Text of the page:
Now do the same on the other side.

If this is done correctly the left hand side pin should be at the 10 O'clock position and the right hand side should be at 2 O'clock.

The C clip can now be removed and the door should run up and down.

If the door is difficult to lift then you will have to put more tension on the spring. All up and over doors with cones and cables operate under the same principle but often there are slight differences from manufacturer to manufacturer but essentially you need to do the following:

About 2 feet in from the left hand side you will see a collar attached to the spring. This collar holds the spring tension to the centre shaft. If the collar has a nut type end then you should be able to hold the tension whilst undoing the screw(s) with an Allen Key. Once you have the spring under tension you then rotate the spring away from you (upwards). Depending on how much tension has been lost will depend on how many turns you need to give the spring. Generally speaking one movement is half a turn. Use a screwdriver or similar in the holes provided in the collar to rotate the spring. When the spring feels like it has gone as tight as it can go, hold the tension whilst tightening up the Allen Screws. Test the door slowly up and down. If it will not go all the way up without the cables going slack then you need to put more turns on the spring.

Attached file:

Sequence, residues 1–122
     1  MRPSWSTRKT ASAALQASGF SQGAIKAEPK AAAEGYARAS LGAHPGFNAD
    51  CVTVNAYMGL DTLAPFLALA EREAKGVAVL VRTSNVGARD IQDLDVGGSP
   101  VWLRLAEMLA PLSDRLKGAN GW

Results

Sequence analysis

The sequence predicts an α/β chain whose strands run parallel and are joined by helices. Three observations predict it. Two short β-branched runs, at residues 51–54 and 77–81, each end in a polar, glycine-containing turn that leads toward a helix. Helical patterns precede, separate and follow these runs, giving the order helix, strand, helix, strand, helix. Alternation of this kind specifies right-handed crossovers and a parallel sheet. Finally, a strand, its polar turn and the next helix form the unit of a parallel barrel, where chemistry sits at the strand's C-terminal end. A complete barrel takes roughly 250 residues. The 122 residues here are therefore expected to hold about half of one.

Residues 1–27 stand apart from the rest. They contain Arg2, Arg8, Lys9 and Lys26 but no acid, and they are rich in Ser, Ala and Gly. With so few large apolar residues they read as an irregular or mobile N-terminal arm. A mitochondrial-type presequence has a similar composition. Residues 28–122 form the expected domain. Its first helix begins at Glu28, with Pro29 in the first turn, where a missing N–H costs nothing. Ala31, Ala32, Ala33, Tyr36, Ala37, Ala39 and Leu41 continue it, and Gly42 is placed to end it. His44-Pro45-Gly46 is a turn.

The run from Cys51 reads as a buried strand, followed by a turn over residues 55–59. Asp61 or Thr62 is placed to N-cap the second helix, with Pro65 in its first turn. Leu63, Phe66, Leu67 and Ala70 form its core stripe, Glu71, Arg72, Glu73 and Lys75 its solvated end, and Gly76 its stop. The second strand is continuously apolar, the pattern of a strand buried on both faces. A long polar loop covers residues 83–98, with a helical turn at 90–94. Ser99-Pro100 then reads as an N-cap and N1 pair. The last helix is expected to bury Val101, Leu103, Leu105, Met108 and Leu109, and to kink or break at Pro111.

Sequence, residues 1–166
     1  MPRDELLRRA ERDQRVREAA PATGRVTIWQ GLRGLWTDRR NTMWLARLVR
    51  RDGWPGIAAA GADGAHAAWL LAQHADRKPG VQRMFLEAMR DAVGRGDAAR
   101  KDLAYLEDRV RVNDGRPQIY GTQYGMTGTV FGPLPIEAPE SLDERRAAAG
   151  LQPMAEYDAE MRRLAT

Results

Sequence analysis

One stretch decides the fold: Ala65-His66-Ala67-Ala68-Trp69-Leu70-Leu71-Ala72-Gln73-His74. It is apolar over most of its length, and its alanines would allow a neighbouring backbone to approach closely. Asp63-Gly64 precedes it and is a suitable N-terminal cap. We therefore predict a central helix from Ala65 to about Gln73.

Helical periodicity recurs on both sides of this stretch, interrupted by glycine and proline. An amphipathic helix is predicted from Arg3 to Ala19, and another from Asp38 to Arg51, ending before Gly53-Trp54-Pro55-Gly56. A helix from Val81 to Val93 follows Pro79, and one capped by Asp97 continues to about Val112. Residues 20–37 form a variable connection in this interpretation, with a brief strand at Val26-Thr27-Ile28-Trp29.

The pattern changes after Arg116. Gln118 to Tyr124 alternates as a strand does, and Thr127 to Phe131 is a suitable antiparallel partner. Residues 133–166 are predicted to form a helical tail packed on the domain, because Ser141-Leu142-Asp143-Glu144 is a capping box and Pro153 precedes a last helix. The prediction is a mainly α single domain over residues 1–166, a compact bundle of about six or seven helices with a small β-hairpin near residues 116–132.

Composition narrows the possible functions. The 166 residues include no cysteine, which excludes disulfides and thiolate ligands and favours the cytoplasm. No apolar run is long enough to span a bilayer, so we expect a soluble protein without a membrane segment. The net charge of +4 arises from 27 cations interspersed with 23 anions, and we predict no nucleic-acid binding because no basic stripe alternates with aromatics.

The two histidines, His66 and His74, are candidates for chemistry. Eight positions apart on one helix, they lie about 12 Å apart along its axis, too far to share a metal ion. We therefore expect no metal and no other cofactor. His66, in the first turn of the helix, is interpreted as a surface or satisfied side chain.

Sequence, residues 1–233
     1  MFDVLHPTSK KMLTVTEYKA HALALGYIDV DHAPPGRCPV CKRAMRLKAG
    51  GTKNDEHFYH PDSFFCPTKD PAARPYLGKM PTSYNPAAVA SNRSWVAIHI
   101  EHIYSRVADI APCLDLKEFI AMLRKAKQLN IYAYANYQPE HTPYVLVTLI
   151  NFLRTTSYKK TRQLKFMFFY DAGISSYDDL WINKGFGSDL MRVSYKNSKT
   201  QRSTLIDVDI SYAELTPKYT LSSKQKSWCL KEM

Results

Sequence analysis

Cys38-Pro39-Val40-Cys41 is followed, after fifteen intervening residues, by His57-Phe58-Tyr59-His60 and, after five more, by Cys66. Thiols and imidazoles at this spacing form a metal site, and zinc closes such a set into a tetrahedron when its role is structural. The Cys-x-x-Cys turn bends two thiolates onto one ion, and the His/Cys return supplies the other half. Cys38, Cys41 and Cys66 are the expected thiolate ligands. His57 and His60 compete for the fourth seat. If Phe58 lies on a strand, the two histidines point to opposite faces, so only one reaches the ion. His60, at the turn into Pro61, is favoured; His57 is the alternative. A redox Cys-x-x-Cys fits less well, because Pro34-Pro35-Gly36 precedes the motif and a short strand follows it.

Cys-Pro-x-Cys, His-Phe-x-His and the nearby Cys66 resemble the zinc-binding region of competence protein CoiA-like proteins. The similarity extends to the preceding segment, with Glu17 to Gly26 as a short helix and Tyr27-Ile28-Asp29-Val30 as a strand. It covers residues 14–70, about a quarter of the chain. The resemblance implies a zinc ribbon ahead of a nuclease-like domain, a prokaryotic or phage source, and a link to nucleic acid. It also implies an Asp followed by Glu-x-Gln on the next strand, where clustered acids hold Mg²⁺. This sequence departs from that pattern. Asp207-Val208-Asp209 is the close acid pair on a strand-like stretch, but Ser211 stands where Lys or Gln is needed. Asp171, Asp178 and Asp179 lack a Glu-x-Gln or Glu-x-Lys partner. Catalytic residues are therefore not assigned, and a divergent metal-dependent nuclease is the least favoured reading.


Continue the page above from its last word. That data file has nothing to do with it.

Finally, lubricate the guides and spray oil onto the spring also, this will help to keep any squeaking down and allow the door to move more freely.

You should allow a couple of hours to do this, although it can be done much quicker if the pins come out easily.